One thing I’ve become much more aware of in Leeds is the distinction between semantics and metasemantics. There is a worry that ignoring this distinction is creating some confusion. Metaethicists have traditionally claimed to be doing moral semantics whereas in fact they have mainly been doing metasemantics. Today, there is a new debate in which people also say that they are doing semantics. This time this claim is actually true. However, as a consequence, the new debate is not at the same metasemantic level as the previous debates. I know this is a bit confusing but let me try to elaborate a bit.
Very roughly, semantics investigates what the semantic value of different terms is. Most moral terms (right, wrong, good, evil, kind, cruel…) are used in predicate expressions. On the traditional Fregean views, the semantic value of predicate is a first-level function from objects (in the moral case usually from actions) to truth-values (there are other options too but let me use this simple view as an illustration). So, crudely put, the semantic value of ‘is wrong’ could be the function, F, which gives the value True for murder, the value True for breaking promises, the value False for singing, and so on. Of course, this function would have to be much more specific. It would have to take every possible individual act-token as its argument, and give a value of either True or False for each one of them. In this sense, given the disquotational property of truth, it seems as if moral semantics is closer to normative ethics.
The metasemanticists are, in contrast, interested in the question of in virtue of what does a given term have its semantic value. Thus far, much of the metaethical debates has been about how to answer this question. So, the expressivists might argue that the semantic value of ‘is wrong’ is the previous function F because statements which use this predicate conventionally express certain conative attitudes towards actions. Naturalists, in contrast, might argue that the semantic value of ‘is wrong’ is F because this would best explain our core uses of the predicate or because this best fits the platitudes which relate ‘wrong’ to the network of other moral terms. And, finally, the non-naturalists might claim that the semantic value of ‘is wrong’ is F because there is a class of actions which share the non-natural property of wrongness. The older metaethical debates assumed that these views in metasemantics are fairly neutral about the semantics of ‘wrong’ – i.e., about for which arguments the function gives the value True and for which the value False.
The new debate is between views that could be called invariantism, contextualism, and relativism. As I understand them, these are views about the shape or the structure of the function F. Usually these views are about ‘ought’ but I’ll continue to use ‘wrong’ here instead. According to invariantists, functions like F have a very simple structure like the one described above. All we need to describe this function is a name for each action, and the value True or False (with capitals!) for each one of them.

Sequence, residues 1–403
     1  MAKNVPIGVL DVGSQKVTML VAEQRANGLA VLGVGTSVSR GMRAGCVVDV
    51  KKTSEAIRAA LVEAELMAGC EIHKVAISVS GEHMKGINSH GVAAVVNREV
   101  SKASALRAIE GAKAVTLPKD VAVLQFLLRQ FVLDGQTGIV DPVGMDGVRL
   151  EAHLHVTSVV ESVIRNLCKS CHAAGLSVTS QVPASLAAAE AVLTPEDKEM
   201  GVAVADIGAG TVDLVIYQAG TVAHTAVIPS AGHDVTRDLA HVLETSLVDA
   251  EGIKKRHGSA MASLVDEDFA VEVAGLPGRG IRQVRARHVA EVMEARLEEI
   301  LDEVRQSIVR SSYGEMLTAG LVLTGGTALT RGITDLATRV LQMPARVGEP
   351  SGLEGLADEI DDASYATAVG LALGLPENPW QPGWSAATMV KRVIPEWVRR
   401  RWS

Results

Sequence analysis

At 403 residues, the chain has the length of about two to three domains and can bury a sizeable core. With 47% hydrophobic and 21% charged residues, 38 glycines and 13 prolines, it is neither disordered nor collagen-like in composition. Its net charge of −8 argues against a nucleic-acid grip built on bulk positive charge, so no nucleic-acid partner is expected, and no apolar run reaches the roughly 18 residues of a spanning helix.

The contextualists, in contrast, claim that we should add another argument-place to the F for the speakers who are talking about the wrongness of the given actions. This is because whether claims of the form ‘action A is wrong’ is True or False depends not only of the action but also about what information the speaker and/or others in the same context of discourse have. So, the function F* defended by a contextualist, might give the value True for the argument of giving a chocolate bar to a friend if the speaker knows that the bar is poisoned and the value False for the same argument if she lacks any evidence about this being the case. (I should add that there are interesting contextualists debates about who belong to the same context of discourse. Some contextualists also add a third parameter to F to denote the standards that are accepted in the context of the utterance).
Finally, the relativists agree with the invariantists that there is only one argument place in F for the actions that are the arguments of the function. However, they reject the idea that the value of the function for each of its arguments is either True or False. Rather, the relativists believe that the value of the function F** for is for different actions either true-relative-to-the-context-of-assessment or false-relative-to-the-context-of-assessment. And, whether the value of F** is true or false relative to the context of assessment depends on the informational state of those who are assessing the truth of the given utterance. So, if we consider whether Mark’s earlier claim ‘what Ben did was wrong’ is true or false relative to our context of assessment this might depend on whether we know whether the chocolate bar he gave to Ann was poisoned or not. Thus, the very same proposition might get a different truth-value (with small letters) relative to different contexts of assessment.
I hope I got those views at least along the right lines. Anyway, the point I wanted to make was that all these views seem to me to be metasemantically neutral. Whether F, F*, or F** is the real semantic value of ‘is wrong’, it still seems that expressivists, naturalists, and non-naturalists can still have the same disagreement about in virtue of what the predicate ‘is wrong’ has that particular semantic value. This is why I believe that the views in the new debate are metaethically neutral. However, it should be emphasised that these views are not normatively or morally neutral. Whichever function of the type F, F*, or F** is the real semantic value of ‘is wrong’ will determine what it is wrong for me to do in any given situation. So, this means that those who have been working in the moral theory should take an interest on how this debate goes.